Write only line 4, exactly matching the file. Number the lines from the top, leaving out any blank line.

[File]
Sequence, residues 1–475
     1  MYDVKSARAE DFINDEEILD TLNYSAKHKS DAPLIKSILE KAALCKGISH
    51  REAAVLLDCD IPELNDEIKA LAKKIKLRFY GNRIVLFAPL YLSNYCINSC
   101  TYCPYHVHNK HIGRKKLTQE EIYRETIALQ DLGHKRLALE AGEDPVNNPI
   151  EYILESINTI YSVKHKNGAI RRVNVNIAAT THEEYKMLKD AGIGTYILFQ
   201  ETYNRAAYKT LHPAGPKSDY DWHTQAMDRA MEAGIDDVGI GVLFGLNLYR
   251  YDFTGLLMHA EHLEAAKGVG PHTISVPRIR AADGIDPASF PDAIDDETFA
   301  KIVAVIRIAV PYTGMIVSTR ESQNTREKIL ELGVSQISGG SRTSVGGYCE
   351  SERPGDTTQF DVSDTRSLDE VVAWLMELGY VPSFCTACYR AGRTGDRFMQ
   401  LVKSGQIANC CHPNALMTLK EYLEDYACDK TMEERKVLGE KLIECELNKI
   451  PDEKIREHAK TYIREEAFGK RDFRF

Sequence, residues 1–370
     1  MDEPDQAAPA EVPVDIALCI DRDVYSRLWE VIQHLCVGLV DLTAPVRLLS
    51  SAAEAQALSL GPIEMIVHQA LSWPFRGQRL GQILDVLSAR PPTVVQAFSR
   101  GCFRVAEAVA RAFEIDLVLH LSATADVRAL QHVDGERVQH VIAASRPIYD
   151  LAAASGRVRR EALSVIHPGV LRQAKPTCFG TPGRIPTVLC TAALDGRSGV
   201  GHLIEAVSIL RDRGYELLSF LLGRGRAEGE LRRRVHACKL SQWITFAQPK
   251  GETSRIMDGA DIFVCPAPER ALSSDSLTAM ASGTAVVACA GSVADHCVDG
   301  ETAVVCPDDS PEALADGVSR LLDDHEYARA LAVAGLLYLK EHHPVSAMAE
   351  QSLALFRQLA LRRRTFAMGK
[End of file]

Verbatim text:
   101  TYCPYHVHNK HIGRKKLTQE EIYRETIALQ DLGHKRLALE AGEDPVNNPI